Vitamin D is like Tiger Woodsit just can't stay out of the news.
Hardly a week went by this spring without a study spotlighting some powerful new health benefit of the sunshine vitamin: that it boosts the immune system, lowers the risk of a battery of cancers, protects our hearts,
While humans evolved to quickly get megadoses of vitamin D from sunlight, our indoor jobs, diligent use of sunscreen, and legitimate concerns about skin damage from sun exposure have caused a shortage on an epidemic scale. Approximately 77 percent of the U.S. population has "insufficient" levels of vitamin D, according to a study last year in the Archives of Internal Medicine. That includes people living in sunny climates and athletes who spend lots of time outside. In a 2007 study of 20 distance runners in fair-weather Baton Rouge, Louisiana, 40 percent were short on D.
"Getting adequate vitamin D is probably more important than any other nutrition recommendation we have made for years, including whether to reduce saturated fat or salt intake," says Dr. Robert Heaney, a researcher at Nebraska's Creighton University and one of the country's leading vitamin D experts. "We won't know the true burden of chronic disease until we eradicate vitamin D deficiency."
Our diet isn't helping much. Even in fortified foods like milk, there's just not enough vitamin D to provide what many experts now say we needbetween 1,000 and 2,000 international units (IU) per day.
The fastest and easiest way to get more Dbriefly dousing the body with UVB lightis also the most controversial. After all, those are the same cancer-causing, skin-aging rays that make dermatologists shudder, and only a few experts, like endocrinologist and researcher Michael Holick, author of The Vitamin D Solution , are willing to recommend it. "You can get five to 15 minutes of unfiltered sun two to three times weekly, depending on your skin type and the time of day," Holick says. "Your arms and legs should be exposed, but you can still protect your face."
That statement doesn't sit well with the American Academy of Dermatology, which, while recognizing the widespread shortage of vitamin D in the U.S., insists that no amount of unfiltered sun exposure is safe. One in five Americans will develop skin cancer during their lifetimes, mostly from unfiltered UV rays.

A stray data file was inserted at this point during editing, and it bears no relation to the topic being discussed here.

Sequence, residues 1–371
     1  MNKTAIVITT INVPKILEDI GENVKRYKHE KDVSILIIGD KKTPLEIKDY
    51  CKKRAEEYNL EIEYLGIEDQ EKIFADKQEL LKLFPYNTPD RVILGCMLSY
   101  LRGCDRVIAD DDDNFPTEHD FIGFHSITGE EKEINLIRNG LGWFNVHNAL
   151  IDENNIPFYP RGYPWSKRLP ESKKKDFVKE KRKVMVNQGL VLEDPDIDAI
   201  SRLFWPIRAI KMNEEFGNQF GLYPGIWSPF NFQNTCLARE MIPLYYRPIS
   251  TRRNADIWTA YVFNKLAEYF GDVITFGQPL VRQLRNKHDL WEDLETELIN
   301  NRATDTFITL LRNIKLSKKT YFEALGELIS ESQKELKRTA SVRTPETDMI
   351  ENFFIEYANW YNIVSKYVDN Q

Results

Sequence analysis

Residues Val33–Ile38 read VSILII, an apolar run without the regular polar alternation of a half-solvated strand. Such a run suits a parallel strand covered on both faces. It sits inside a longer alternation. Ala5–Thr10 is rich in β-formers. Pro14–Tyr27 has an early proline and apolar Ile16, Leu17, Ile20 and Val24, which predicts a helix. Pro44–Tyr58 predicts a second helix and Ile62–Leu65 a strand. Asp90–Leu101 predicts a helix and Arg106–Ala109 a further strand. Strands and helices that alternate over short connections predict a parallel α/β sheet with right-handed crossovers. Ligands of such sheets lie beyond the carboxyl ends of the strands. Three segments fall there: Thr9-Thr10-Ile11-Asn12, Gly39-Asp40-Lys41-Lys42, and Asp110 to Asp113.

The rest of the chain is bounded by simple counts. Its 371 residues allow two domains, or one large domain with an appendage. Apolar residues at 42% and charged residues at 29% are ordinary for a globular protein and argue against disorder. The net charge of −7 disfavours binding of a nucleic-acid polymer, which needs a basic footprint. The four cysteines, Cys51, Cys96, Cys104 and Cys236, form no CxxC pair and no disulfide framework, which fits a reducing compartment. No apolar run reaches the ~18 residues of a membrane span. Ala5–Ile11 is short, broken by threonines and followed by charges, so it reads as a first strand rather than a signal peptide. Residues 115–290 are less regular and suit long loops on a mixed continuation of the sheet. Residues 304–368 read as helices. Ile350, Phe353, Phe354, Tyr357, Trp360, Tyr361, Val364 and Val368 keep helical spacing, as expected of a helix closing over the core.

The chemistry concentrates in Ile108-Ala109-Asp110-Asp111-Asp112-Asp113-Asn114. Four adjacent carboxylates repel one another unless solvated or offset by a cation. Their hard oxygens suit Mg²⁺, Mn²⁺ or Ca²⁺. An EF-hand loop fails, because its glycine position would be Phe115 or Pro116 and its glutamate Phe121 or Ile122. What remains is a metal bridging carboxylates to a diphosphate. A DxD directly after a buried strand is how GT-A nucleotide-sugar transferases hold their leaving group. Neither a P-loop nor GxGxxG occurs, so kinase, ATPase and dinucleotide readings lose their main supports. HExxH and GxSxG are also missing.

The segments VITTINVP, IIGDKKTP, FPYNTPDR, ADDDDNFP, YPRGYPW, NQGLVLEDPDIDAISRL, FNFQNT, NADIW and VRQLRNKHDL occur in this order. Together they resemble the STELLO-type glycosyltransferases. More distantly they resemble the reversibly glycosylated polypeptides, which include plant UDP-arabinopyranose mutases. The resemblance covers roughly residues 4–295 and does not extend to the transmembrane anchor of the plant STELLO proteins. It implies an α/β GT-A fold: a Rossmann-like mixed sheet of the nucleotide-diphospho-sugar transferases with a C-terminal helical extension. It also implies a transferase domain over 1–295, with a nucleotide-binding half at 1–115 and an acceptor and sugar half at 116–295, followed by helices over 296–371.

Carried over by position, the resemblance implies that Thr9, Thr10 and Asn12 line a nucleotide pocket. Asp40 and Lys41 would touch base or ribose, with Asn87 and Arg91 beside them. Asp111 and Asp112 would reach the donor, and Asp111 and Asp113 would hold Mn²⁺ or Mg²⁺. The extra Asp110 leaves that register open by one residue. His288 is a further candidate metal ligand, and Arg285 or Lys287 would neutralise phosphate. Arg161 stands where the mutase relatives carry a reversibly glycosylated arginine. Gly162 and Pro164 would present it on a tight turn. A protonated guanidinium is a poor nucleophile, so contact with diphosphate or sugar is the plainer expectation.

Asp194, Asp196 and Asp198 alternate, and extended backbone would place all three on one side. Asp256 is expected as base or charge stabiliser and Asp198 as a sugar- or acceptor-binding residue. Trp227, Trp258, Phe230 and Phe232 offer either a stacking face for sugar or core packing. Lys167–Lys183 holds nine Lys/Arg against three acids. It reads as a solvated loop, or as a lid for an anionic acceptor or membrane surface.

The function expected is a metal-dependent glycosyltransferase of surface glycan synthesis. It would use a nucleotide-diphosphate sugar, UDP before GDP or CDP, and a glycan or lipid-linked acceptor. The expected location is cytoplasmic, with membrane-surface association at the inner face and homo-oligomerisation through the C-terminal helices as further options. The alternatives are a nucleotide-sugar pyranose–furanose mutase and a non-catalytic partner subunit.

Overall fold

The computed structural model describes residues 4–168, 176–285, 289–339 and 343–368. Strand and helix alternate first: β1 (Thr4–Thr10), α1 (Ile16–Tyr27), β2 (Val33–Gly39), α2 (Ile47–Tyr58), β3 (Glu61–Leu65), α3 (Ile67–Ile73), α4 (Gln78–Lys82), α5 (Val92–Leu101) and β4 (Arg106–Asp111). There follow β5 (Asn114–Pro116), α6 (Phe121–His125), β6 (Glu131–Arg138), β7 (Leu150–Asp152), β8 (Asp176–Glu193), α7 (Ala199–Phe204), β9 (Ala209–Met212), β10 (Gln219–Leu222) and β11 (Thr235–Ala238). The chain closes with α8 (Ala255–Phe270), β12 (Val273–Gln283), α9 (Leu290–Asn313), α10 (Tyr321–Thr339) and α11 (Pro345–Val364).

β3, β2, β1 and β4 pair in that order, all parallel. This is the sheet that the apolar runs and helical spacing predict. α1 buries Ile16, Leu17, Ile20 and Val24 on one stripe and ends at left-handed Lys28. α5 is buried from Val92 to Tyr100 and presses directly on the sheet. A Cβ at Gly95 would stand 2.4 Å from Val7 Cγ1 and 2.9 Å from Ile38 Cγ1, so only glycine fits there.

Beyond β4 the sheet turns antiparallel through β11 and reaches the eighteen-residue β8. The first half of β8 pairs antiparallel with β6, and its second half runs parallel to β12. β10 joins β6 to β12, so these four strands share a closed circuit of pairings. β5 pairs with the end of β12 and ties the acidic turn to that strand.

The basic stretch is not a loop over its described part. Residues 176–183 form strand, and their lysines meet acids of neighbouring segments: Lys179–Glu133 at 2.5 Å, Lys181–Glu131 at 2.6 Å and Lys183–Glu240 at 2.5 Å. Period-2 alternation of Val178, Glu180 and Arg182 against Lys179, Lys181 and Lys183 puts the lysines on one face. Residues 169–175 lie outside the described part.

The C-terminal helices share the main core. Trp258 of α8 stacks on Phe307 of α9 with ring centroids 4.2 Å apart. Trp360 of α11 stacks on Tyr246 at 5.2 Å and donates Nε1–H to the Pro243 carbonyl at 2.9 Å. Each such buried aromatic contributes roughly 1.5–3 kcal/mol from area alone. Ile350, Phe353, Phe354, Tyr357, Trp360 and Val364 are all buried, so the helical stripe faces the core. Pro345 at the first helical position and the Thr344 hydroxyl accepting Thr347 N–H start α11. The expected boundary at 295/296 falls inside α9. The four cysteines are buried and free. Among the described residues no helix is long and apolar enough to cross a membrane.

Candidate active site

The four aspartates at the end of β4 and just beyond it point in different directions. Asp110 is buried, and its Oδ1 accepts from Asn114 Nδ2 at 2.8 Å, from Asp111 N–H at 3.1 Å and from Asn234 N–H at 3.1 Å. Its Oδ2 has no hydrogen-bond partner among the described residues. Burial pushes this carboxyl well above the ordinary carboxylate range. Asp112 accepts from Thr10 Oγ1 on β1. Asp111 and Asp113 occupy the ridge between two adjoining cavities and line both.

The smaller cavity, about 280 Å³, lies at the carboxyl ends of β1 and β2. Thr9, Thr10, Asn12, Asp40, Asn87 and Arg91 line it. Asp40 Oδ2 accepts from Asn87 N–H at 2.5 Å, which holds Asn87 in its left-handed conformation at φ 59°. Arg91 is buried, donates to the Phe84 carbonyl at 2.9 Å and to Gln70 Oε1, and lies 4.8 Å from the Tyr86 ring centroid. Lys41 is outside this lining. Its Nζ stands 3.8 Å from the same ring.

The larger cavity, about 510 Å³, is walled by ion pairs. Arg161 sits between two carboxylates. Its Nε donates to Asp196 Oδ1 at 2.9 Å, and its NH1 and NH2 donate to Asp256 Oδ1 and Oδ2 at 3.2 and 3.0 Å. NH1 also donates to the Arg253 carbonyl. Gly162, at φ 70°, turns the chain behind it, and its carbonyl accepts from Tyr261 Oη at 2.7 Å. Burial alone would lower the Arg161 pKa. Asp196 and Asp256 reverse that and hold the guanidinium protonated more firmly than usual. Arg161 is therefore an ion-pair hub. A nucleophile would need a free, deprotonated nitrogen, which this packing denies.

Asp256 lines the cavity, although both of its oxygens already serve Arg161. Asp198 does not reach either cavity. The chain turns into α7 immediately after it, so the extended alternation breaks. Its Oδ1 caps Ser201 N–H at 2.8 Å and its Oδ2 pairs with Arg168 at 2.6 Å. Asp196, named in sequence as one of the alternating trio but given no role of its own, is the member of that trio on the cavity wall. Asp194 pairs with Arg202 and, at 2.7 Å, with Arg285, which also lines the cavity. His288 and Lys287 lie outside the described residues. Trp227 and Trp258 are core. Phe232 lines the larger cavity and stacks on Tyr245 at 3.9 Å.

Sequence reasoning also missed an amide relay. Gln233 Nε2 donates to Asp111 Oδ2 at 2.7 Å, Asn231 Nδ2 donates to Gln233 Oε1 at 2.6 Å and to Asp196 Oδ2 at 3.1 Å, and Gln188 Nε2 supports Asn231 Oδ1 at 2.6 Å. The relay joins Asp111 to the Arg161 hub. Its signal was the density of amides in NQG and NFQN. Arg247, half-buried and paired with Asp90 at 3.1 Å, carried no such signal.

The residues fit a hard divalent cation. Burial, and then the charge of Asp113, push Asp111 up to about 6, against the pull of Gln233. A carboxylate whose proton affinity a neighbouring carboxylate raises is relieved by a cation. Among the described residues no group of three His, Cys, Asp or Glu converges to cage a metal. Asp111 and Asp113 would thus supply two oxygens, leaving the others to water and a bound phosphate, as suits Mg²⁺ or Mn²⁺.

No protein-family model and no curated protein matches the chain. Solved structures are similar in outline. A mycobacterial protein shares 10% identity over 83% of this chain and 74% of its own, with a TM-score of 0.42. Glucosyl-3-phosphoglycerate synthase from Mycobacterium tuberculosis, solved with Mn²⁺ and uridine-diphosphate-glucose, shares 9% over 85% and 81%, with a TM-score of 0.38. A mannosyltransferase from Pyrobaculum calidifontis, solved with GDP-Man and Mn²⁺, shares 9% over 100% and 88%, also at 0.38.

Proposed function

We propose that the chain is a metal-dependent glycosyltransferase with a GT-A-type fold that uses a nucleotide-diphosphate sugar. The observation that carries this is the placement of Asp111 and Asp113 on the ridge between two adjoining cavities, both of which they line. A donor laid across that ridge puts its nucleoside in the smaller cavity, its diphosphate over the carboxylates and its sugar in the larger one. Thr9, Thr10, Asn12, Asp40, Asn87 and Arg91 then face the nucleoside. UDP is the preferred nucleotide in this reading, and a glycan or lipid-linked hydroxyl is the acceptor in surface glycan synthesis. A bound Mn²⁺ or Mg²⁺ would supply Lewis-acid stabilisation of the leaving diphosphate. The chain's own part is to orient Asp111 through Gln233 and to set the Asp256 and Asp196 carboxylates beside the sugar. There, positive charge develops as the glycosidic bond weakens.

A far safer bet is to take a supplement, like a multivitamin or single-nutrient vitamin D pillbut even here the experts are in disagreement. Many nutritionists believe that the FDA's daily recommended intake of 400 IU for adults up to age 50which you'll see on products' nutrition labelsis woefully outdated. Groups like the Skin Cancer Foundation and many vitamin D researchers agree you need at least 1,000 IU daily. The National Institutes of Health says that 2,000 IU is the upper limit of what's healthy.
Good luck getting that dose from your food. A seven-ounce fillet of wild salmon may give you 1,400 IU, but you should eat no more than 12 ounces a week due to mercury concerns. An eight-ounce glass of vitamin Dfortified milk comes in at a surprisingly low 100 IU.Since you're active and probably in the sun more than most people, you're likely getting some solar vitamin D, even if you're slathering up: A few UVB rays slip through sunscreen,no matter how frequently it's applied. But don't count on that being enough. The most reliable way to see if you're coming up short is to get your blood levels tested (see next page) and adjust your supplements accordingly.
"We're not saying that you should get vitamin D from sunlight, but don't expect to obtain it from food," Heaney says. "And if you're not going to obtain vitamin D from either, you must take supplements."